Environmental racism cannot be separated from the history of our country.
I also chair the Nova Scotia chapter of the Global Afrikan Congress, which addresses the atrocities of what happened as a result of the transatlantic slave trade that we don't like to talk about in Canada.
From the perspective of African people in Canada, we've been dealing with racism for well over 400 years, since we came to the Americas. It only stands to reason that it touches every aspect of who we are, and our being. We cannot divorce it from how we live and the environment in which we live, and what happens to us as a result of coming to this country.
For other racialized groups, they come at different stages, but that racism, beginning with First Nations people in this country, permeates to the core of what we do. Therefore, when you ask about the definition or how environmental racism begins, it begins from the minute that colonizers set foot in this country, and also what we, as settlers, and also people who came as slaves, faced when we got here.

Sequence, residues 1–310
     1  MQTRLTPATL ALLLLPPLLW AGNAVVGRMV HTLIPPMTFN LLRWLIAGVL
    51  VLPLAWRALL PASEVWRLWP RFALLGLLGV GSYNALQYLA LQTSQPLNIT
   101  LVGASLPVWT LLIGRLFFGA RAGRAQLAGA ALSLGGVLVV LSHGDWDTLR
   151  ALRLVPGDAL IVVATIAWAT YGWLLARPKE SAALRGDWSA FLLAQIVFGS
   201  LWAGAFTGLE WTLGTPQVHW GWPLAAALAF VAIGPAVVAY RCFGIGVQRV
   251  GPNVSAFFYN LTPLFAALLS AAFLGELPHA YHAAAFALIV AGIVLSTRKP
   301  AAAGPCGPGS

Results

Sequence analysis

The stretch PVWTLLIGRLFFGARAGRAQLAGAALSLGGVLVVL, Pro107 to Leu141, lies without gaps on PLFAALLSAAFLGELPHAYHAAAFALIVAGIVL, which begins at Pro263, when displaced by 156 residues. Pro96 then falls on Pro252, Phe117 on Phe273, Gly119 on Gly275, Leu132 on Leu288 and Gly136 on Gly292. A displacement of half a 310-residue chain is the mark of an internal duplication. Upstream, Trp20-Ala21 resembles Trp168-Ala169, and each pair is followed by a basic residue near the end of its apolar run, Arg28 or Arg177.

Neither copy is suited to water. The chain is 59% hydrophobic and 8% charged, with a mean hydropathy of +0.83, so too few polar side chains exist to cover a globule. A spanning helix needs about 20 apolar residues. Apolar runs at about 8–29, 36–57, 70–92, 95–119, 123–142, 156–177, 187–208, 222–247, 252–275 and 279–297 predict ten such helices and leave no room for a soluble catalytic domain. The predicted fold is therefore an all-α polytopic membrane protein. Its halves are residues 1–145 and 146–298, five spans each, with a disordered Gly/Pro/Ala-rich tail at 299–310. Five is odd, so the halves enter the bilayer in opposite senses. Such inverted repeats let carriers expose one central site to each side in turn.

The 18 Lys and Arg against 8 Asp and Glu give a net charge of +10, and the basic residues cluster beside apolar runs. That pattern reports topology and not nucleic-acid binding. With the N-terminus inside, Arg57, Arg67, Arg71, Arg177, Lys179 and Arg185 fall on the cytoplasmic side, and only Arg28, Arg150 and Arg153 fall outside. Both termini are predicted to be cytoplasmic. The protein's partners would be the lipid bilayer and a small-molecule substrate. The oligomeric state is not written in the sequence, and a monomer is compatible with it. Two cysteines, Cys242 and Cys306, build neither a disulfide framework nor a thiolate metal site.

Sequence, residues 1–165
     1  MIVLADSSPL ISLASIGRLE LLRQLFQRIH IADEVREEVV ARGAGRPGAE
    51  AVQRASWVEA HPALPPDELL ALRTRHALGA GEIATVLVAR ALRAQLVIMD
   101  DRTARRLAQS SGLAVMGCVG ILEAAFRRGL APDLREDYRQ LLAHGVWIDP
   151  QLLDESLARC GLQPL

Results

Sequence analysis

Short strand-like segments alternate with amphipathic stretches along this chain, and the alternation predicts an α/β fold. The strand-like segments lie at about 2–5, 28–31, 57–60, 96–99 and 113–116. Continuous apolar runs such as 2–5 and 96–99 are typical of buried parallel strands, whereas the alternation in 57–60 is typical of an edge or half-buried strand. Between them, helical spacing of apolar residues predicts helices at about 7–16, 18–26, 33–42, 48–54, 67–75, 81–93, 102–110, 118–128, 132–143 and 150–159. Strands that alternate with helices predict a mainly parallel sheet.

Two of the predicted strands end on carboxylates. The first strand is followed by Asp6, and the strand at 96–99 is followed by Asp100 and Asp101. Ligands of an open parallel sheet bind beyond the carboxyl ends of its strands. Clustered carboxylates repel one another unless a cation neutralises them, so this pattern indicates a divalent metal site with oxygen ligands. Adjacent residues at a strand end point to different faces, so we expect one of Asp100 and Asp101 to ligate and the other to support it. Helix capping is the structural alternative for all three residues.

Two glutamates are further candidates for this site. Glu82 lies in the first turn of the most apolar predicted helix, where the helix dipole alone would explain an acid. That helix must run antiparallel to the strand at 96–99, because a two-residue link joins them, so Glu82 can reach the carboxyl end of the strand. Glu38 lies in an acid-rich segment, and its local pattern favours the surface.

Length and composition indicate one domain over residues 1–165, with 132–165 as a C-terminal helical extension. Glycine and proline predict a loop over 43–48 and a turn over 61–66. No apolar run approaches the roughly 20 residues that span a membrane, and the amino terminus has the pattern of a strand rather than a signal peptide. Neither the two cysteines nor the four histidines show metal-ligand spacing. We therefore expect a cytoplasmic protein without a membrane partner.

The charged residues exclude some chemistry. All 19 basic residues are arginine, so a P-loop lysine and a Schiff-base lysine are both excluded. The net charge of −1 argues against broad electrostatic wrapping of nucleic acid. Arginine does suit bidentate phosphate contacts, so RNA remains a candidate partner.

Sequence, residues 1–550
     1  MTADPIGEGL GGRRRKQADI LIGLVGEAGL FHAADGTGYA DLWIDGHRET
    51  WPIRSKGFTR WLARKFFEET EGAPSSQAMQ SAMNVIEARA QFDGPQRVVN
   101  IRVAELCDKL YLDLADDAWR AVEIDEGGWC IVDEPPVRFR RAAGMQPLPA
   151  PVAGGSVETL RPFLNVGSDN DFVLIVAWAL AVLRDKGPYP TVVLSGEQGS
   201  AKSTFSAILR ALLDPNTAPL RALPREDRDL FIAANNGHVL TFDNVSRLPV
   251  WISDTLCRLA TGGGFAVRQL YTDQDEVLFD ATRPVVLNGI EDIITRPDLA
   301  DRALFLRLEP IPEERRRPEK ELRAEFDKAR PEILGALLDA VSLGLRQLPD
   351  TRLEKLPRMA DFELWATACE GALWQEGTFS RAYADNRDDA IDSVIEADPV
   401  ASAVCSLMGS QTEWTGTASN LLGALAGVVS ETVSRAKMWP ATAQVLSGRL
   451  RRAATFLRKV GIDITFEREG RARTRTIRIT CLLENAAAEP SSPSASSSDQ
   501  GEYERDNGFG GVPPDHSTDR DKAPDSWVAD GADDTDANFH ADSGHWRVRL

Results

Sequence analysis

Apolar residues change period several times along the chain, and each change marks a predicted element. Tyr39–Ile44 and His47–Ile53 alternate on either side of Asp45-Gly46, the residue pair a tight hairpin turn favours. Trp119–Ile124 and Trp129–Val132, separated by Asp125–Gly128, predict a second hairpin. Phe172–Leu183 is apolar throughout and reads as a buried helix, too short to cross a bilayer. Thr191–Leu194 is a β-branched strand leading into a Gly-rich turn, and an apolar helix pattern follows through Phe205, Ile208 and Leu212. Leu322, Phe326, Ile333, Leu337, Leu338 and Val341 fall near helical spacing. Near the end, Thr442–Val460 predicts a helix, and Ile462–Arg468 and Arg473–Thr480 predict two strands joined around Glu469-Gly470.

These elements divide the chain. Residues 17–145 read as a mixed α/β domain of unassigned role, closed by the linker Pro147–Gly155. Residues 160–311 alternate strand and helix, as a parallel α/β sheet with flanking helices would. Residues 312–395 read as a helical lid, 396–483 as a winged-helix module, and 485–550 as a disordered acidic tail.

We haven't wanted to talk about it and we haven't wanted to face it, but it's for real.
At some point, I hope somebody asks me a little about this data collection from a community perspective, because I have an opinion on that.